Participants range from the college-age offspring of elder clowns to retirees finally following their childhood dreams.
“A lot have been bullied and come from a place of being misunderstood,” said Manuel, aka Mooseburger. But in full garb on a parade route or at a nursing home, they get to feel “like a rock star.”
“They don’t care about the social stigma” of being a clown, she said. “When you find your tribe, you find your own kind.”
The stigma that clowns are “creepy” (thanks to Stephen King), don’t talk and have to follow a strict set of rules doesn’t apply to this creative bunch who set their own agendas, she said. One thing all clowns do have in common is a willingness to make fun of themselves.
“You sacrifice your pride to be the butt of a joke,” she said.
That humility extends to life out of costume, too. Moose Camp seemed to immediately wrap its arms around newcomers — including beginner clowns. Manuel, 54, even unofficially adopted a teenage clown-to-be who didn’t have a family; he now tours with Ringling along with Manuel’s two daughters.
Newbie Sara Stearns, 30, watched wide-eyed as a spontaneous dance party turned into a hug fest after the 30-member staff put on a variety show for campers on the first night. The shy Minneapolitan had always dreamed of being a clown but made excuses why she couldn’t pursue it. Then her husband found Moose Camp online and signed her up.
“I thought I was going to be freaked out, but everybody is so, so nice,” she said. “It’s like you’re amongst your own kind. Like you’re at home.” Minutes later, she was swept into the center of the bewigged and polka-dotted throng.
Teen’s summer camp
Nathan King, 15, found his people last summer, the first time he attended Moose Camp. Now, he’s back, and he’s even got his mom Cindy taking face-painting classes and filling him in on what he missed. (An adult chaperon at the camp is mandatory.)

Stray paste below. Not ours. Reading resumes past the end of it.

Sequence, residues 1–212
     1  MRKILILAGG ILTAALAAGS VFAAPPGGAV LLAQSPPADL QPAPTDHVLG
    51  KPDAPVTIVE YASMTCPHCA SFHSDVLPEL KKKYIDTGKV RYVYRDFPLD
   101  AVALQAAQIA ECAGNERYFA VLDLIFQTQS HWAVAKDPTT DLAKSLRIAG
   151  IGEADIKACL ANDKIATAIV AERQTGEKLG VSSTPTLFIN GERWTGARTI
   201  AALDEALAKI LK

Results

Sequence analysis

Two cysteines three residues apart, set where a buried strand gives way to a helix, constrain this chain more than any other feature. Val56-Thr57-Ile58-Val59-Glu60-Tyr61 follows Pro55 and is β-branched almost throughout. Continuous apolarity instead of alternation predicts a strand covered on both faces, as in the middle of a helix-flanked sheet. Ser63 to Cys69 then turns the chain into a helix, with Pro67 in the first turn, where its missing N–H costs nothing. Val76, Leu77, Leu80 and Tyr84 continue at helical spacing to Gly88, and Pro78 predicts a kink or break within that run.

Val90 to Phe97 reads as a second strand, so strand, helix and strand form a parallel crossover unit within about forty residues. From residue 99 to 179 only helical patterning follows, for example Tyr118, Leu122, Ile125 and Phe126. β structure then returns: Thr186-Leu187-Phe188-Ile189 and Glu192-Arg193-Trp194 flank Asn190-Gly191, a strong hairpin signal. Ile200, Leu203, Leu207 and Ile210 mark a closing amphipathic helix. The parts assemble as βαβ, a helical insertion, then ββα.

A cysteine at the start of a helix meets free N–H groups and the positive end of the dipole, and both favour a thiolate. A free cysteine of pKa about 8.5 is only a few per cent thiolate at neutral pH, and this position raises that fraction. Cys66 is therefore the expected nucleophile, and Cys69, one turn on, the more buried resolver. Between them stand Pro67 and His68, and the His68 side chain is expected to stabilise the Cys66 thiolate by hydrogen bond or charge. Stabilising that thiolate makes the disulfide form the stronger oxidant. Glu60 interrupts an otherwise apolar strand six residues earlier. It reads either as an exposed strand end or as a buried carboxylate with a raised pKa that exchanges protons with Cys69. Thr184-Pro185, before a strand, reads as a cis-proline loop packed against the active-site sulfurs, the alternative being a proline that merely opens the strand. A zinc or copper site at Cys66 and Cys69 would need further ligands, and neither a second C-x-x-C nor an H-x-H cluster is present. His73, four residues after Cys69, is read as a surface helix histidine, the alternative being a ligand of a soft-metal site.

Back home in Branson, Mo., Nathan performs at birthday parties, in parades and has even managed to “talk his way into” the traveling circus when it came to town. He’s got his own business card for his persona, Woody the Clown, who he says is an “extension” of himself (“over-the-top dramatic, a flirt, an all-around good guy”).
Nathan knew since he was 12 that this was the path for him.
“You have to be called to it,” he said.
What does he love about being a clown? “Just the fact that somebody can remember me forever, the fact that I can make somebody’s day go from the worst day to the best day and just the fact that I can make this world a better place through this wacky thing that I think is fun.”
The first evening of camp, the staff staged a performance inspired by the best of the vaudeville era: corny magic tricks, a slapstick clown makeup lesson involving bananas and two cartons of eggs, a father-and-daughter routine and a delicate ballerina puppet gliding to “La Vie en Rose.”
Nathan sat cross-legged on the floor just in front of the stage, looked up at his mentors and laughed with his whole body at every gag.